Resource Logo
NLM AIDSLINE

Pancreatitis during intravenous pentamidine therapy in an AIDS patient with prior exposure to didanosine.




 

Ann Pharmacother. 1994 Sep;28(9):1025-8. Unique Identifier : AIDSLINE

OBJECTIVE: To report a case of an HIV-positive man who received sequential didanosine and pentamidine treatment and subsequently developed acute clinical pancreatitis. CASE SUMMARY: In June 1992 didanosine 200 mg po bid was initiated in a 30-year-old man with AIDS. After a 22-week course of didanosine, the patient was hospitalized and didanosine was discontinued on day 4. The patient then received 8 days of treatment for a presumed Pneumocystis carinii pneumonia (PCP) with pentamidine 4 mg/kg/d iv. As the patient responded clinically to therapy, he was discharged home to complete a 21-day course of pentamidine. On day 14 of therapy, the patient experienced nausea, vomiting, diarrhea, fatigue, and was hypotensive. The dosage of pentamidine was reduced by 50 percent. After receiving 18 doses of pentamidine, treatment was discontinued, as symptoms had worsened and serum amylase and lipase concentrations were elevated. The patient was hospitalized and the diagnosis of acute clinical pancreatitis was made. After a 21-day hospitalization, the patient was discharged home in fair condition on hyperalimentation. DISCUSSION: Potential causes of pancreatitis, including opportunistic infections, neoplasms, and drugs, are discussed. The most probable factors associated with pancreatitis in our patient are didanosine and pentamidine therapy. CONCLUSIONS: As our patient developed pancreatitis following sequential administration of didanosine and pentamidine, it would be prudent to monitor for signs and symptoms of pancreatitis in similar cases. In addition, didanosine should be discontinued during and for one week following treatment of PCP when pentamidine is used.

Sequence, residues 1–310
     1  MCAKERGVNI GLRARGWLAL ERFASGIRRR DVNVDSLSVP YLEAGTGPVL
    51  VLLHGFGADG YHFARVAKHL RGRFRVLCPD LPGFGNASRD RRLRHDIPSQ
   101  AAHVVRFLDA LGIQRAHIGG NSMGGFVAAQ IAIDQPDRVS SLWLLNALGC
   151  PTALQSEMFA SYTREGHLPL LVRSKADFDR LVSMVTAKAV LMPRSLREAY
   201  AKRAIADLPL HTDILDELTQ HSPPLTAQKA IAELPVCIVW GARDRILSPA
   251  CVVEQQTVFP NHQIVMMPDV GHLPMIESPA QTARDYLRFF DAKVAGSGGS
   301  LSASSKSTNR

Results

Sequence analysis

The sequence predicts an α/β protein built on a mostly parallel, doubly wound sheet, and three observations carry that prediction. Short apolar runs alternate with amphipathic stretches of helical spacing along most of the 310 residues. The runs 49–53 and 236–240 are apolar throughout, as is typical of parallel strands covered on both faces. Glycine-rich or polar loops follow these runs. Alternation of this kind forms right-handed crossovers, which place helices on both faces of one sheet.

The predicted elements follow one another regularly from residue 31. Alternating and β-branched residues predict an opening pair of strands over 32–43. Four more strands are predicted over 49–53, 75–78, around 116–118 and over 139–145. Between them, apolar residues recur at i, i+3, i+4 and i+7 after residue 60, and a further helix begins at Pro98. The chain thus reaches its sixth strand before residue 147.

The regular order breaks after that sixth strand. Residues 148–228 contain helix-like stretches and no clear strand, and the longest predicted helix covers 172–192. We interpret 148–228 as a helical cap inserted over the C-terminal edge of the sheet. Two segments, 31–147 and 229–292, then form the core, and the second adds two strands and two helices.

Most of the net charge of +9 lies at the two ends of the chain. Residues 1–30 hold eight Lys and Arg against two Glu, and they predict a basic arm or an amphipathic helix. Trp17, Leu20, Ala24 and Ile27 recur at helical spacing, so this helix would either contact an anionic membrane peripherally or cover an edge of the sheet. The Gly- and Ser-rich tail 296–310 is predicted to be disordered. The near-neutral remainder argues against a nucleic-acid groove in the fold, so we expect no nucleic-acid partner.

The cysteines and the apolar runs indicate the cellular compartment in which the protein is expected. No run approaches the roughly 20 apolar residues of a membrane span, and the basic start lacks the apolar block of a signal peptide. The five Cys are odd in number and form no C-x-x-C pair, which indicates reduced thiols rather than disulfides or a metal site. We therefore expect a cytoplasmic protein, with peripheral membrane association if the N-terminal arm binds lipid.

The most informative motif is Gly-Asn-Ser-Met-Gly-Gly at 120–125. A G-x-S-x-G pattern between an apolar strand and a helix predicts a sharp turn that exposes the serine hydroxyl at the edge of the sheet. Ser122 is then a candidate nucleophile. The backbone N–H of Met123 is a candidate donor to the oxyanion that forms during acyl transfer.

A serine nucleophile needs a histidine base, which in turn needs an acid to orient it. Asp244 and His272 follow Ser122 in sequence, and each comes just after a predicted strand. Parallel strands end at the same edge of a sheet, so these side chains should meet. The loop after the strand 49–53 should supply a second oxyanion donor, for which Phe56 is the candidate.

Acquired Immunodeficiency Syndrome/*COMPLICATIONS Acute Disease Adult Case Report Didanosine/*ADVERSE EFFECTS Human Infusions, Intravenous Male Pancreatitis/*CHEMICALLY INDUCED Pentamidine/ADMINISTRATION & DOSAGE/*ADVERSE EFFECTS/THERAPEUTIC USE Pneumonia, Pneumocystis carinii/DRUG THERAPY JOURNAL ARTICLE



 




Information in this article was accurate in April 30, 1995. The state of the art may have changed since the publication date. This material is designed to support, not replace, the relationship that exists between you and your doctor. Always discuss treatment options with a doctor who specializes in treating HIV.